The Courier News from Blytheville, Arkansas on October 18, 1934 · Page 7
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The Courier News from Blytheville, Arkansas · Page 7

Blytheville, Arkansas
Issue Date:
Thursday, October 18, 1934
Page 7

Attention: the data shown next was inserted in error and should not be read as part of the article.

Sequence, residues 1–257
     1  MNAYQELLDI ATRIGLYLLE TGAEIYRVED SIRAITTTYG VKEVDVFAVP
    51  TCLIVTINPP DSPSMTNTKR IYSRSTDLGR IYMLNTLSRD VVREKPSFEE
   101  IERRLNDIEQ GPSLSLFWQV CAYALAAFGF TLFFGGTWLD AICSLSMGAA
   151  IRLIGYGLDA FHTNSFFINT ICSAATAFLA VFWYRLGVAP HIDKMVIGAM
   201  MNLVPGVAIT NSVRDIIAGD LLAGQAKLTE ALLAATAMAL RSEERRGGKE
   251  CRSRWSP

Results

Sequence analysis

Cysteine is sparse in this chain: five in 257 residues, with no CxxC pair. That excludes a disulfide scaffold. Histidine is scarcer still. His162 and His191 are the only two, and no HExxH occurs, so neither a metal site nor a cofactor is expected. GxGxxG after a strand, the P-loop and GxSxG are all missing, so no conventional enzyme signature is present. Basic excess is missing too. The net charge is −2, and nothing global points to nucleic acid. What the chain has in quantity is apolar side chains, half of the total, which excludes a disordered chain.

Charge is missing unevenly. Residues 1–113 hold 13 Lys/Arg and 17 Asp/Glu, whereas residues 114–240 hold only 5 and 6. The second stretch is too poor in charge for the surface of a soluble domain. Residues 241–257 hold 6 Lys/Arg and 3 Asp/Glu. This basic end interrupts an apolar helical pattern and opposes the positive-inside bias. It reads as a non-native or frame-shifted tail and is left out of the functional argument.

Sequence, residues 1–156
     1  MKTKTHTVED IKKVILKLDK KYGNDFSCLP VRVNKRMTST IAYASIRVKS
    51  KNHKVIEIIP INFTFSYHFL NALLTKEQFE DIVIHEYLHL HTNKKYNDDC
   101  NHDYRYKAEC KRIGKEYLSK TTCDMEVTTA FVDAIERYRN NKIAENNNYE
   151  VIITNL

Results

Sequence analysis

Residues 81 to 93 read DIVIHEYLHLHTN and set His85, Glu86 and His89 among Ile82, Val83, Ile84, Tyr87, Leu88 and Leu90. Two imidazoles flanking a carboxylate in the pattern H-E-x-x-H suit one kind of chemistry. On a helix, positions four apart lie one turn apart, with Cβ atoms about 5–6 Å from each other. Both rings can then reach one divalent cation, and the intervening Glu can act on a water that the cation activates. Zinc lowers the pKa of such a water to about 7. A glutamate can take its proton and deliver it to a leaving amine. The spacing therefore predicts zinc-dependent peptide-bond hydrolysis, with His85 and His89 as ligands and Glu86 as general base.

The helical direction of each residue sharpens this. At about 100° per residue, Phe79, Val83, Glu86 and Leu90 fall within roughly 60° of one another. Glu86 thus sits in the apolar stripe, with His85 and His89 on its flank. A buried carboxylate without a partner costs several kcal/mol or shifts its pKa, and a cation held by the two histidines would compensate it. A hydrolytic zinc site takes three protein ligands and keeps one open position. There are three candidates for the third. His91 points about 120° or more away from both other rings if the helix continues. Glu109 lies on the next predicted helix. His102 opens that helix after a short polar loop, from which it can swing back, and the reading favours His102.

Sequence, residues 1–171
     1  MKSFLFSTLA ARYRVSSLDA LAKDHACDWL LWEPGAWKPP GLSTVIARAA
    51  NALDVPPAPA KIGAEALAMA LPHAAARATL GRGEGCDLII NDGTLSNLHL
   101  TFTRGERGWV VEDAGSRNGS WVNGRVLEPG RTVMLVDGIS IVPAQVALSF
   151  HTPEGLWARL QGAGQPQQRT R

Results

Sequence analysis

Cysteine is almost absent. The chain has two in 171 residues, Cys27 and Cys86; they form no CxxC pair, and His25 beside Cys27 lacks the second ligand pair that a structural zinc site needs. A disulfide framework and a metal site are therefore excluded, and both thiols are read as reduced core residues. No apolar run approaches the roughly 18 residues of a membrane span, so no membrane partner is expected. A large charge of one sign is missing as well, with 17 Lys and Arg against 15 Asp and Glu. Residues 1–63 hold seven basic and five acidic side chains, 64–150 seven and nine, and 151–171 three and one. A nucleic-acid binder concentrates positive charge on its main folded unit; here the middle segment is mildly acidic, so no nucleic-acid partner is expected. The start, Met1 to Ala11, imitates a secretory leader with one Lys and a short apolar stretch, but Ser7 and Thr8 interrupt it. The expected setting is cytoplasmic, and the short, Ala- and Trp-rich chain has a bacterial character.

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THURSDAY, OCTOBER is, 1931 JBLYTHEVILLE, (ARK.)' COUKIEB NEWS (Continued From Pnee One) tomrades goodby find adopted the Democratic parly. Some of the Democratic brethren ow are saying that he stole the arty. True It is that he brought Is progrntn with him, True It Is Iso that he embraced every op|x>r- mtly to Ilk his EPIC (End Pov- rty In California) plan ivlth the e\v Deal lu conception and pur- ose. EFEATS GEORGE CKEE!< In the primary campaign his cf- ort in that direction was not taken «riously. George Creel, newspa- wrman and chief of publicity fqi he Wilson administralion during be war, was his principal Dcmo- c opponent. Creel had Hie lact unexpressed support of the loosevelt administration. What actually won Sinclair the lomination was the concentrated ole or southern California, where wo-thirds o[ the state's unemploy- d and more than half the voters cside. In the northern hair of the state Srecl beat Sinclair by 1J,5QO votes. But Sinclair's total - vote exceeded Steel's ' by: 158,000, indicating his iuprcrnacj' In -the south. Southern California is the rest- ng ground of man ythousands of elderly persons from the middle- vest who live upon small, fixed in- :omes and have leisure to respond .0 all sorts ot idealistic movements. WIN'S IDEALISTS' AID •Tltelr ardent support made Aimee Semple McPherson the world's most famous and successful woman evangelist. They poured tiieir mon- :y gladly Into the enterprise whereby 'Cornelius VandcvbHt, Jr., promised u> found Ihe nalion's purest newspaper. ' Just now, in addilion to the Sinclair movement, they arc enthusiastically supporting the Towuscnd ;>lnn, \vhich seeks to give every person in the United States over J>AGE SEVEN Striking Scene of Progress Shown at Norris Dam 30 years of aj month. ;e a pension of $200 a The Utopian society sprang from :helr midst?-it is natural thai the • Sinclair promise to end'poverty should have appealed strongly lo • both the great army of unemployed «id to the klnd-licartcd and trusting, folk transplanted from middle- western [arin 5to the bungalows of sunny southern California. Holland News A surprise birthday party for Mrs. C. P. Jenkins was given by her daughter, Mrs. Russell Little, at he_r home in Holland Thursday; night," of last week. Prizes for high' score in uingo, hose nnd handkerchiefs, were awarded the winners. A Lthree course luncheon was served .at the close of the games. Mrs. Noble Capehart shopped in Memphis Thursday, accompanied by Friends. C. M. Morris, of Ncwelton, La., arrived Sunday lo visit Mr .and nlomath. nervfc »lr*ln. Tlringa ^cloaran rclixallon. Coirwlly tltndwl forr>u1a. Tutane's Sidewalk Soft Drink Cafe Popular NEW ORLEANS (UP)—H limy JO Ijii) "olil world" nlinosjitiere, or .t miiy be Just good modern biisl- .ICKS—Uul 111 tiny milt. Tlilnni! University hnti n "sldcwnlk cufc," It's own. (lit itilnks lire "soft," Is <i«lto mi ulr nbout (ho nifty sltlcvnlk Blithering nliicp, o]ionilc(l by Bills liobbcrt, , *ho nlso 1-1111.1 tlic university &6ok etov«. Scores of students gntlicr at llio cufe, cnCU nflemooi) rwcl evening, sip tlielr di'lnks, pun tliclr clgui 1 - clles niwl cxclinnec the dny's gossip. 'J'lio cnfp Is provlnfi so J>0))li- lar, Hint Kobbcrl Is Ililllktiiu ut asking city olTlchils for » spv'cM wining onllmmce allowing lihn to block oft additional Gldcwnlk space. Aiislraltu hiul' to destroy millions of medallions, clguroL boxes, clioc- oliile boxes, etc,, bcnrlng the i>or- Inill of Prince George of £ngliind, when 11 wns decided to send I'rincc Henry ns the, royal visitor to the Melbourne centenary celebrations. River Apple Movement Grows I10OH RIVER, Ore. (UP)—River trons|jorlntloii of ex|X>H apples Ibis full mxi winter may cq'iwl thij record movement of 8,500 tons ol vylicat down,the Columbia River jn"' the six weeks, it was believed,, lierc. Alieadj CO 000 boxes of an-l pics have bieu purclnsed (01 early! movement of :lho $37,500',000 I With penstocks in'.place and excavation well under way tor the second cofferdam, decided progress In Morris dam on the Clinch river in Tennessee is shown In the striking photo iit top. Magnitude of the project Is Illustrated by the v:\sL amount, of equipment in the background, the munusr of buildings reared, .nnd Ihc roads cut through the rolling country in Hie vicinity 1 'ol the dam. -Below is shown part of the new town of Norrls, a permanent community, being built by the Tennessee Valley-Authority'.'for dnm workers. In the background arc some of the new type apartment houses.: •'.:•. Monday for St. Louis to-spend the 1 weeks. Dallas Hardiiv. of- Flint, Mich., who has been visiting his parents, Mr. and Mrs. Alonzo Hardin, of Scnath, Mo., returned to 'Sennth Monday after the week end here with friends. Cicero Jolinson left Fridny for Oklahoma City, Okla., alter a two week's business visit i>cr3, B. Garner,' of Hornersville, transacted business in Holland Tuesday. Mrs. Clifford Correll and family. Mr. Morris and Mr. Con-ell visited in Sikeston Monday. Mrs. Russell Devore, of Elvins, Mo., and Miss Hazel Cohoon, who attends Stale Teachers' College, in Cape Girardeau, arrived Thursday to be with their parents, Mr. and Mrs. Jim Cohoon, over the week end. Mr. and Mrs. G. P. Jenkins, Mr. and Mrs. Russell Little, and Miss Eunice Little visited friends and relatives in Matthews, Mo., during the past week end. . Mrs. C. T. Tomer and daughter, Miss Ruth, Mrs. Willie Wiems, and Airs. Lily Hociscs, all of Memphis, were Sunday guests of Mr. and Mrs: R. Bailey. Mr. and Mrs. Cecil Wise and children arc here wiht Mrs. Wise's parents, Mr. and Mrs. J. A. Kifcr, from i Paragould. Following the week in Memphis attending to business, Claude Edwards spent the week end with his' wife and daughters, Claudinc and Sylvia Ann. Mr. Edwards left again 1 Ball's "dance of the sleeping children" is one of the world's strangest rituals. Girl priestesses arc made unconscious by a narcotic and placed on their feel. By some uncanny power, they arc steadied and perform their dance in time with the music, moving all parts of their body except, the feet, while in a complete trance. Lapp law prohibits loads heavier than 130 pounds on'the backs or 190 pounds on the sledge, when Lapp deer are used for transportation purposes. THEDFOR6 f .BLACK ^DRAUGHT FOR CONSTIPATION Miss Ferguson in her lectures at the Courier News Cook- inff School this week HIGHLY Pit A I SKI) BUTEREG BREAD Texture Flavor and Its MORE , FOOD 0 VALUE at your Grocers 01 at our Bakery Blytheville Baker rTT'/TTTTTTTTTTTTTTTTTTtTTTTTTTTTTTTTT, COURIER COOKING SCHOOL is conducted for your benefit. It will pay you-to attend Miss Edna M. Ferguson will discuss problems of the home snd the merits of products she uses in the school. Be sure and notice -the special demonstrations of -the double-tested, double-action Men who know-how lo dre POWDER ECONOMICAL AND DEPENDABLE Same Price Today as 44 Years Ago FARMERS BANK & TRUST CO. INSURANCE DEPT. 'Only the Best Will Do./ \ said Kdnu M. Fcr- f/uson,well known h ome economist and lecturer who Selected Us to Furnish MEATS- VEGETABLES -FRUITS Kor Her Demonstrations in (he Cooking School This Week. LUTES GROCERY S MARKET 25OUNCES FOR 25 c Manufactured by Baking Powder Specialists who make nothing but Baking Powder — under supervision of expert chemists o£ national reputation. ' K Gig economical: Because of ils high leavening strength only 1 level leaspoonful to a cup ot flour is sufficient-for most recipes. It is a time saver.- That's due 1 . to the double action. One action in the mix and the second, a stronger action, in 1 ., the oven.- You can prepare . dough for biscuits, muSfins,- etc.} hours in advance;.set in a cool place and bake N - wheh desired; No need for- hurry when using K C. have the kiiiick of comfortahly nnd htylishly' Without investing a lot ol' liionuy in high priSe clotliL'K. Tlinl's why so nmny ol' thuin conic In us. We have suits that urc inexpensive . .'... yet not "chciip", comfortable^.--.'., yet not sloppy. We have it, whether it's a new sport model or. regular single or double breasted style. iYIeril and Timely FALL SUITS •19™ to $ 45 Don't fail lo see our Fall and .Winter Topcoals! Headgear after your own heart! Brand New Dobbs ami Slelsous Whatever your taste . . . iiK.long as its one of yie popular Full styles . . . You can bo pleased with the Hats we have. $6 $6.50 $7 Eininerson Hals • W.orlh Mats •$3.5Q anil $3.95 $5 NUNN-BUSH Ankle Fashioned OXFORDS Tlie styles arc as Einart as ever awl If quality means anything we'll sell a lot ot these shoes-at the price. Fortune,.Oxfords - - ?'l $6.75 to $9 ' Edgcrtou Oxfords - - ?5 Men's Leather Jackets $8 and $9.50 Arrow Shirts $1.95-42--$2.50 R. D. HUGHES & CQ, 3 Doors West of Ritz Theatre '